Frances Macken's debut novel is an interesting portrayal of rural Irish life in the 1990s, told by the deeply conflicted Katie, writes Ellen McGrath.

You Have To Make Your Own Fun Around Here is set in the fictional town of Glenbruff, Roscommon, and the story centres around the protagonist, Katie Devane, and her two friends, Evelyn and Maeve.

The saga follows both characters from childhood all the way through to their mid-twenties. Evelyn is the undisputed leader of the trio, and tension arises when a new girl, Pamela Cooney, moves from Dublin and threatens Evelyn's status as queen bee.

The novel is told from Katie’s first-person perspective, and we hear her conflicted thought process over her turbulent relationship with Evelyn, and the mutual bullying of Maeve, perpetrated by both Evelyn and Katie. Katie is a deeply conflicted character, and even though we are 'inside her head’, she does not come across as a sympathetic character. She is spiteful, insecure and jealous.

The relationship with Evelyn takes up the bulk of the emotional subject matter of the book. It doesn’t drive the plot onwards, but the effect of different life decisions does impact Evelyn’s and Katie’s relationship, and the fallout from these relationships torments Katie.

She spends much of the novel reflecting and mulling over the growing distance between herself. To quote the blurb on the back of the book, the book is a ‘keen-eyed look at the complexities of female friendship.’ It is not a flattering depiction of female relationships, as it depicts all such relationships as jealous, petty, and unstable.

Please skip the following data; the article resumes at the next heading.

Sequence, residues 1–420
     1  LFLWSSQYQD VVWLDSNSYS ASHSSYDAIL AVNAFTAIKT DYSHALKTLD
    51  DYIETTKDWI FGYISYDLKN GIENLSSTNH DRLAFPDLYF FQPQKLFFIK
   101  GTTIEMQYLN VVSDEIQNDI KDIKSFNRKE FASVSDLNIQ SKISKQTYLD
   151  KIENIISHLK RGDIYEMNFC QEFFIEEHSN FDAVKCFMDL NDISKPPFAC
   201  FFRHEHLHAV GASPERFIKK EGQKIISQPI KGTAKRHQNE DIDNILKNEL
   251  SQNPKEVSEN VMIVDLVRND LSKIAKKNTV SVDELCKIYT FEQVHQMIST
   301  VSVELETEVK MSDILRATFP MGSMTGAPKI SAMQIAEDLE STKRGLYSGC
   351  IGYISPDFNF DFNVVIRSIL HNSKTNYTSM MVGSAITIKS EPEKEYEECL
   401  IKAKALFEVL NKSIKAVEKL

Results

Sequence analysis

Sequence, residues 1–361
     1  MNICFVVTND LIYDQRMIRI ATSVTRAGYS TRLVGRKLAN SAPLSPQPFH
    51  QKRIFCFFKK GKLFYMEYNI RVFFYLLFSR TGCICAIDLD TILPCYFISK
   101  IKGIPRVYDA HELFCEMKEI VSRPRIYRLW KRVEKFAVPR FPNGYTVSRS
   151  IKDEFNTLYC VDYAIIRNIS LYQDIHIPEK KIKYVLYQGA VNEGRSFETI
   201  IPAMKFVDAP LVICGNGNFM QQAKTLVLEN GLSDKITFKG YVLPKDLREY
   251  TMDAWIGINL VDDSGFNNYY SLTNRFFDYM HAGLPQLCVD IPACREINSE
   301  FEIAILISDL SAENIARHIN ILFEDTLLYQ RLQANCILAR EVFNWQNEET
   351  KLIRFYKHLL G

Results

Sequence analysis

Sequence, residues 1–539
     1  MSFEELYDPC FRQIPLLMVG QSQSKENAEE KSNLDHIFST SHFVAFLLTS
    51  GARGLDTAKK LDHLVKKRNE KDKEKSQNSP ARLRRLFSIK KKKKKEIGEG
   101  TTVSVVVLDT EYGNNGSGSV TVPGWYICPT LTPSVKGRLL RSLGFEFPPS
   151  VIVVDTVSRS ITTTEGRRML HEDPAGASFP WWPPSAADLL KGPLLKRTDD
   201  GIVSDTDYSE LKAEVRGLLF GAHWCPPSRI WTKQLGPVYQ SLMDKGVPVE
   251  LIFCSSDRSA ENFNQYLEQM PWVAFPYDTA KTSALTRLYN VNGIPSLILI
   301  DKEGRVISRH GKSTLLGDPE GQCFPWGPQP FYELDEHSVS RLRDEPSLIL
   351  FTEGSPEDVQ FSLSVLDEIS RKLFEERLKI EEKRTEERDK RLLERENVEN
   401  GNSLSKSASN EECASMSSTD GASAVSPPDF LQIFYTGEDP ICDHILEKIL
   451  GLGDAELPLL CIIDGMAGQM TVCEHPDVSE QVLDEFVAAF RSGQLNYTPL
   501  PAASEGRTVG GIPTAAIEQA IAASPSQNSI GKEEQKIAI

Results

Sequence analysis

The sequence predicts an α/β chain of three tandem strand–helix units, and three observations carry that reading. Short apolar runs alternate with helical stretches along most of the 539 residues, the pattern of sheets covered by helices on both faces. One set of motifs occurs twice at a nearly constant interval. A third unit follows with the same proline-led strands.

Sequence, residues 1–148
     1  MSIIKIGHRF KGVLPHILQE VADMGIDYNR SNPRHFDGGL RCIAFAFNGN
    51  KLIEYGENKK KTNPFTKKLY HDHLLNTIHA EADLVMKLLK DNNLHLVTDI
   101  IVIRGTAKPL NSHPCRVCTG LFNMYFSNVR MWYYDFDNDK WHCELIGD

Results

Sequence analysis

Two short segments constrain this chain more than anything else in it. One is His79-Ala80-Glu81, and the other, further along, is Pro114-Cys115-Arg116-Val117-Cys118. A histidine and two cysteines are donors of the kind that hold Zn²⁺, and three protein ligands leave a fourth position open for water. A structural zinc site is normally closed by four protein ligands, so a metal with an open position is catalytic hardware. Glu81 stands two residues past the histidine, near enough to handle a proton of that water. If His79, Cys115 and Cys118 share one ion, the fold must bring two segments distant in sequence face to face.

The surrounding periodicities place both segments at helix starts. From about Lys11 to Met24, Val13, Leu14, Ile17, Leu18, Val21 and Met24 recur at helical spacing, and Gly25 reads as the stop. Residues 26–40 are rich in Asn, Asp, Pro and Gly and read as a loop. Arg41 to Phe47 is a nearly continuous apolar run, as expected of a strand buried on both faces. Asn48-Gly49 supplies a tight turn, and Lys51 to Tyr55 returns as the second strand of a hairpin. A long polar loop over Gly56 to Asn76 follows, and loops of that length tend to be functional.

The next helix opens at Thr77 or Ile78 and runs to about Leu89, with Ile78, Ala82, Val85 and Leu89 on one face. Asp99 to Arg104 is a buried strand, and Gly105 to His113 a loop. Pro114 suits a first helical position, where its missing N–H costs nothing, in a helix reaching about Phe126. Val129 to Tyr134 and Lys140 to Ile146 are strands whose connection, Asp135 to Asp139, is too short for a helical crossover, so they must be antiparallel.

The character of Evelyn is interesting. Nowhere in the story is she likeable, supportive, or considerate of others, and although I have described Katie dismally, she is more admirable and easier to relate than Evelyn.

One wonders what is so attractive about Evelyn that Katie is drawn to her again and again, like a moth to a flame. From an outside perspective, it is reminiscent of Stockholm Syndrome, where the victim develops love or affection for their abuser. However, having been through intense female friendships myself, I am able to
understand the draw, even if reading about it is so difficult.

This author hails from Claremorris, County Mayo and her debut novel is a difficult read, but an interesting portrayal of rural Irish life in the 1990s. This novel follows a popular theme of teenagers and young adults desperately yearning to ‘escape,’ but honestly shows what happens if a person leaves their small hometown, and the glittering, exciting, exotic dream doesn’t work out. 

Ellen McGrath